Lastly, my aim is to educate you about the qualities that hold some jobhunters back from getting successful placements through recruiting agencies. These are candidates that I or my coworkers have run into in the last 10 months, so I write this form personal and professional experience. I would like to use my experiences with such candidates to help whoever is reading with their job search.
The first type of jobseeker I would like to discuss is the Passive Poster, who simply posts or submits a resume and does nothing else. Of course, playing the waiting game is part of jobhunting, but waiting and not doing anything else is a very bad strategy. A lot of a recruiter’s time is spent cold contacting candidates through phone, email, and social medias. However, relatively little of the contacting gets a reply from candidates because so few seem to actively participate in their own job search. So, if a recruiter sees the same person applying but never replying, they eventually ignore the resume altogether because they have to value their limited time in filling a client’s position.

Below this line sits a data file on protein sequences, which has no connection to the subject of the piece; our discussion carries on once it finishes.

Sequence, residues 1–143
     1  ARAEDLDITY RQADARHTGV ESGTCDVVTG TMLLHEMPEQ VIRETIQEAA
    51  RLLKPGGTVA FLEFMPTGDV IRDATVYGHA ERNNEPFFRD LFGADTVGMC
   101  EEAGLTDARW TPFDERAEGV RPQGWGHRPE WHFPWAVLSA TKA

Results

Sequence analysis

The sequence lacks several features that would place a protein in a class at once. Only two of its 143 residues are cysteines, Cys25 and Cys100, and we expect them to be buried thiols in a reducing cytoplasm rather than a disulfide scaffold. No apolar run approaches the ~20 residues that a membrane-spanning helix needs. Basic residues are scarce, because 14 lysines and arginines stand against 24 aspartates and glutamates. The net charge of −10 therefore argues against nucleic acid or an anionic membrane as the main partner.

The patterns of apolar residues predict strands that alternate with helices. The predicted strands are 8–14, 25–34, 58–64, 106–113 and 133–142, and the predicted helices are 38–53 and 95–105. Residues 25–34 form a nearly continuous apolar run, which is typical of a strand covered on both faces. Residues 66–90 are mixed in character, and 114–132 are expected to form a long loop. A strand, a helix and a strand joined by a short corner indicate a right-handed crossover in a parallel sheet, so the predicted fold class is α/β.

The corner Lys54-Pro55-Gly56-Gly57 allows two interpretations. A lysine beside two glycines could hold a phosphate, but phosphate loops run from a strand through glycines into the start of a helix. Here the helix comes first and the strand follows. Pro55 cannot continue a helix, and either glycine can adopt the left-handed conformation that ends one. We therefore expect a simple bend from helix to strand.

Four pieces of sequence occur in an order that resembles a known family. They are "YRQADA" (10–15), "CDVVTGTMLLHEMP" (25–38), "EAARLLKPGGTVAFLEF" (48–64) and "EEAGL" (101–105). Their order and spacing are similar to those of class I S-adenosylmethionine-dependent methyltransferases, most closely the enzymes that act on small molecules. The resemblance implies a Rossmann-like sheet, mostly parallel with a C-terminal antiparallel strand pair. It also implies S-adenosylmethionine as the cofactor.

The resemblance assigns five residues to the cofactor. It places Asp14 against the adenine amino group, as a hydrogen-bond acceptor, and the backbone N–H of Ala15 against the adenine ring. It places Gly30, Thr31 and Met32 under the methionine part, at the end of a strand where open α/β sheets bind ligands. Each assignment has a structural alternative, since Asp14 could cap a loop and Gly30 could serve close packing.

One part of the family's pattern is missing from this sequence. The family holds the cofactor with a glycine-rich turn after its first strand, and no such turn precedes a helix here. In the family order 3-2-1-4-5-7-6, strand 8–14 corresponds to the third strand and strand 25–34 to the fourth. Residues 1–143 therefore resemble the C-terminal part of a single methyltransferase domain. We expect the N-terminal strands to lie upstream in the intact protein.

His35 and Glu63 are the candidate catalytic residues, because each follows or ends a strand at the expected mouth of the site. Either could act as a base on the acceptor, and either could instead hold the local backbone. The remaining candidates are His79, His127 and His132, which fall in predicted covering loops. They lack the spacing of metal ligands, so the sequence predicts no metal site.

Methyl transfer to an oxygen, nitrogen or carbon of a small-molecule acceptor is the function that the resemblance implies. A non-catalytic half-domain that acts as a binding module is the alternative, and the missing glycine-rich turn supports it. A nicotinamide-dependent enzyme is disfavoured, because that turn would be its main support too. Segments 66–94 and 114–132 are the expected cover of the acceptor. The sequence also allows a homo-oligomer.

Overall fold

In a similar vein, there are the Wishy-Washy Wishers, jobseekers who act or seem interested only to drop out with no explanation. Job searching is all about having your own power throughout the entire process, no argument there. But when a recruiter has taken their time to exchange emails/messages with you, set up a screening time, and confirm everything ahead of time only for you to ghost/block/hang up on them, you could be placed on a personal blacklist. That is to say that they will not contact you no matter how many of their job postings you apply for. Such candidates waste not only the recruiter’s time but could potentially waste the client’s time if they were to make it to the interview or hiring stages.